Welcome to the World Wide Web Home page of Road to East Asia
Written by students of FC1750.06
at Founders College, York University
Vol.2, no. 1 November, 1996
Maria Nadeau: They both seem to overlook the obvious fact that they themselves alone are in charge of their own destiny. She has chosen to "embellish" the dead rather than brides because she wants to. She will also end up alone because she want to. Liu claims to be "a dreamer," and this is true because he is not a doer. He seems convinced that he will be happy only when China is free and when the Chinese people no longer stay in "their individual shells of security." He should listen to his own advice. he must break his shell of security in America and fight for himself before he can fight for China as a whole.
Daniel Sun: Maria's arguments are valid. I am in agreement with her. If Liu really regrets the predicament of the Chinese people, he should have adopted more drastic measures to liberate them instead of passively writing about his political convictions. He is a dreamer rather than a fighter. It is true that "the pen is mightier than the sword," but couldn't he have followed his own advice by taking "action as the Korean students had, or as the Burmese students were doing right then" in 1988 (p. 281)? Now those responsible for the killings of the students in Korea have been put on trial and sentenced to death or life imprisonment.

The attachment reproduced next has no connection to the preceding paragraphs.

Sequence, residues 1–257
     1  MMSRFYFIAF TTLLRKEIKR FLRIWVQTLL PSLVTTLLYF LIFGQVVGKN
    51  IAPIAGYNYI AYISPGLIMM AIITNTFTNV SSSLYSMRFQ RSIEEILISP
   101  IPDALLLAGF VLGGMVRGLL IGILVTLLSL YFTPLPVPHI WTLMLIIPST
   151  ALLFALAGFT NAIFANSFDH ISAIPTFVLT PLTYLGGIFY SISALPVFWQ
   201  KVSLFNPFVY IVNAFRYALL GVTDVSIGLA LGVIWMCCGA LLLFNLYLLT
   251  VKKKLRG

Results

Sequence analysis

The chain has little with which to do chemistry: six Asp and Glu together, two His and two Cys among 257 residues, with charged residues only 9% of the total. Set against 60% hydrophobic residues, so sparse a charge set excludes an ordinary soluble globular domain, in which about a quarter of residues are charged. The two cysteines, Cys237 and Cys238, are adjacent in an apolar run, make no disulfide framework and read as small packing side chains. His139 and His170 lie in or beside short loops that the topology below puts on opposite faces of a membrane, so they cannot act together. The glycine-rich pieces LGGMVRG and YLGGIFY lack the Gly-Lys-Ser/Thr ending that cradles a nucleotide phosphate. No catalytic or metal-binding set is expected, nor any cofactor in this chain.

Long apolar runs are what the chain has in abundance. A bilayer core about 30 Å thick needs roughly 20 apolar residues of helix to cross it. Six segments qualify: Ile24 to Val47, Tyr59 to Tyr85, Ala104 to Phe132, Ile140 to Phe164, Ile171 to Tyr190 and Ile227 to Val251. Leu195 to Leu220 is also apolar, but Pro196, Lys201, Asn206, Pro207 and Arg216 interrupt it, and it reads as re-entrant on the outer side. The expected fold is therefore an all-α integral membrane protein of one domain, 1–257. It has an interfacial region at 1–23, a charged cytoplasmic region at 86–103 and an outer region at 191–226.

Han Ki-Dongt: The Kwangju massacre in 1980 alone claimed the lives of more than 200 Korean students and injured a large number of civilians. People's awareness of such an event may discourage similar occurrences in the future.
Derrick Choy: I agree with Maria. Liu stays in his shell of security in the United States where he can say whatever he chooses to say about the Beijing government. If he really wants to "fight for China as a whole," maybe he should try to go back to his homeland and fight for democracy underground. He is not a doer, but rather a dreamer.
Micahel Kociuba: Who is a dreamer? Is it one who sleeps all day and dreams, or is it one who goes out and seeks an idea of great proportions? Could a dreamer also be one who will not rest day and night until one's dream becomes a reality against all powerful odds? Liu may be the one who dreams the impossible dream--a China free of the tight shackles of communism, a giant awake, realizing the country's potential.